Venus exits as Ivanovic advances to face Hantuchova in semifinal

Updated: January 23, 2008, 11:19 AM ET
ESPN.com news services

MELBOURNE, Australia -- Venus Williams followed her sister Serena out of the Australian Open in the quarterfinals, both in losses to Serbian players.

Venus went down 7-6 (3), 6-4 to fourth-seeded Ana Ivanovic on Wednesday, a day after defending champion Serena lost to No. 3 Jelena Jankovic.

Ivanovic, who had never taken a set off Williams in four previous contests, is into the semifinals for the third time at a Grand Slam and next faces first-timer Daniela Hantuchova, who beat Agnieszka Radwanska 6-2, 6-2.

In the other women's semifinal Jankovic will meet No. 5 Maria Sharapova, who ended top-ranked Justine Henin's 32-match winning streak 6-4, 6-0.

After four straight losses to Venus Williams, including the semifinals at Wimbledon and the fourth round at the U.S. Open, 20-year-old Ivanovic was thrilled to win.

"It was an amazing match and I'm just thrilled to get through," the French Open finalist said. "In the last 18 months I've come a long way.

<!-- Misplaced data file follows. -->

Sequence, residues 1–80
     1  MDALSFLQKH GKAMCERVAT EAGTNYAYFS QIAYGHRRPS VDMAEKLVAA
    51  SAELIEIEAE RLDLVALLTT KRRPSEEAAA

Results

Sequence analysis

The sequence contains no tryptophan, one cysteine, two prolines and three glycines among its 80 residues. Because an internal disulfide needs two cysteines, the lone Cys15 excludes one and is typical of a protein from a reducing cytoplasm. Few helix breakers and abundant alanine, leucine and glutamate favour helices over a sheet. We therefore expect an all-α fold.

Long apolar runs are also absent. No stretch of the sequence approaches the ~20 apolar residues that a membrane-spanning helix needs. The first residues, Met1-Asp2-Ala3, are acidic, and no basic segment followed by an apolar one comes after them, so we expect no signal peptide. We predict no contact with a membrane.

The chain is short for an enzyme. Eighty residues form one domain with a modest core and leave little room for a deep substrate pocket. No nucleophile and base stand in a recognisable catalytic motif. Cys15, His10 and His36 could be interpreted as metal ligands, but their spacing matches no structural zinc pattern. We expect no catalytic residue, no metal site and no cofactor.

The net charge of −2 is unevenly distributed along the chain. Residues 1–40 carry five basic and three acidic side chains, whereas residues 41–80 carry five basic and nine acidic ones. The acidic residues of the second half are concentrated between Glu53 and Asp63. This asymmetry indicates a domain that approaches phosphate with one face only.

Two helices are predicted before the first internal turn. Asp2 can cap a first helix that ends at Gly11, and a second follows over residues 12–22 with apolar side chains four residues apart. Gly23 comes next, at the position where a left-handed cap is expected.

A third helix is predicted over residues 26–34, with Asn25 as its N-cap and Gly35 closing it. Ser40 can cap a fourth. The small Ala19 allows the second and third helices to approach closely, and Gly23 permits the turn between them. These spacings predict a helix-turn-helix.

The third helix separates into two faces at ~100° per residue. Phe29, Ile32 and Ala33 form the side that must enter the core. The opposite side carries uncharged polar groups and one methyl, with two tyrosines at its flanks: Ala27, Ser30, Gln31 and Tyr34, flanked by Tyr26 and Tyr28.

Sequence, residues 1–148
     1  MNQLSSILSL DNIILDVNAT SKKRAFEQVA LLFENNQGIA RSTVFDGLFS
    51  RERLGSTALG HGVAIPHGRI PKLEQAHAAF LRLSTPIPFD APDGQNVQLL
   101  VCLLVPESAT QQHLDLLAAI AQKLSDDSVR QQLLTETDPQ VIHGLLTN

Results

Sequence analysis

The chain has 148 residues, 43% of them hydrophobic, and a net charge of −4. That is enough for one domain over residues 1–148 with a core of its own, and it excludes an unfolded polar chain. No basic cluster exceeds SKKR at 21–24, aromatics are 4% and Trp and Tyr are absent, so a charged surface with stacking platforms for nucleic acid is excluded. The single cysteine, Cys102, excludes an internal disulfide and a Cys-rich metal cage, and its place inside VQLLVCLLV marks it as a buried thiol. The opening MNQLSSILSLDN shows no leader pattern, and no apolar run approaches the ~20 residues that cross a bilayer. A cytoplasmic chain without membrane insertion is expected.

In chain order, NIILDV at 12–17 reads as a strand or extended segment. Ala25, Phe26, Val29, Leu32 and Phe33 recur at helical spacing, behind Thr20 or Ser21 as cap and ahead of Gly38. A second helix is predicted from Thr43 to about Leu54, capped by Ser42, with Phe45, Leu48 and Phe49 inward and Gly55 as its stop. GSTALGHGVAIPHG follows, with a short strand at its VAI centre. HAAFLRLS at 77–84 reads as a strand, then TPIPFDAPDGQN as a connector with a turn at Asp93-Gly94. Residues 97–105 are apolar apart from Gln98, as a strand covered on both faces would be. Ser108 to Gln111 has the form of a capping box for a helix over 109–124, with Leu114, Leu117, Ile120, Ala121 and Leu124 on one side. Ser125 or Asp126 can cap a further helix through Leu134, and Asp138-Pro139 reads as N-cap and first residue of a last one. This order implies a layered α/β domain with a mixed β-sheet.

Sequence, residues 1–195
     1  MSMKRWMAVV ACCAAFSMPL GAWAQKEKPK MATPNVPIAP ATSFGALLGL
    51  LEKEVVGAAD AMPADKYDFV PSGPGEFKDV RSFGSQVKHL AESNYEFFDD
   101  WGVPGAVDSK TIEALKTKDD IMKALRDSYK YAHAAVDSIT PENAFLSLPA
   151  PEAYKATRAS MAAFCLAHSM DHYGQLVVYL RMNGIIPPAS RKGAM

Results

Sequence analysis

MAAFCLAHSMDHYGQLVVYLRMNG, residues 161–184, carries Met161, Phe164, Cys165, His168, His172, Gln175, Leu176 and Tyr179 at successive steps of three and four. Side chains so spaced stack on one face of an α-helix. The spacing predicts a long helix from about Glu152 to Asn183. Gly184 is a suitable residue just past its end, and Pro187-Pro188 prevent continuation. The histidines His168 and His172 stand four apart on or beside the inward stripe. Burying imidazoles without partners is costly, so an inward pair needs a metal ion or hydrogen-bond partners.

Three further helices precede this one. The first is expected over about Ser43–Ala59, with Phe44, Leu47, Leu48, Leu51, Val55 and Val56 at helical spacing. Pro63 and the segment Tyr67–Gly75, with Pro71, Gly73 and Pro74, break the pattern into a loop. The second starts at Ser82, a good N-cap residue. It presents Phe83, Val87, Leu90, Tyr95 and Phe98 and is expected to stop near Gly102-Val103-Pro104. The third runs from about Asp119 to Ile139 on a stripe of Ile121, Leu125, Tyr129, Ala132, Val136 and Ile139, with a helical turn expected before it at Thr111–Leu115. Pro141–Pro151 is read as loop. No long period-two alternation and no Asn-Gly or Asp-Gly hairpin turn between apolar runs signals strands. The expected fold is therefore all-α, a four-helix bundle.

Polar Opposite

Venus Williams has won multiple titles at the U.S. Open and Wimbledon. But she hasn't had the same success in the southern hemisphere. Here's the results of Venus' last five outings at the Australian Open. (Note: She did not play the '07 Aussie Open.)

Year Result
2008 Lost in quarters
2006 Lost in 1st round
2005 Lost in 4th round
2004 Lost in 3rd round
2003 Lost in finals

"She's an amazing competitor and she was playing very well today."

The Williams sisters have 14 singles majors between them, but the hold that they once had on women's tennis is declining.

"There's been a lot of talk every single year," Venus Williams said in response, again, to the question. "I think what's important to me is what goes on in my head. I've been a champion. I have full expectations and aspirations to continue to play high-quality tennis and to continue to be a champion.

"And I think Serena and I, we don't have anything to prove. We get out there and we play our best ... I don't get too caught up in what the next person thinks."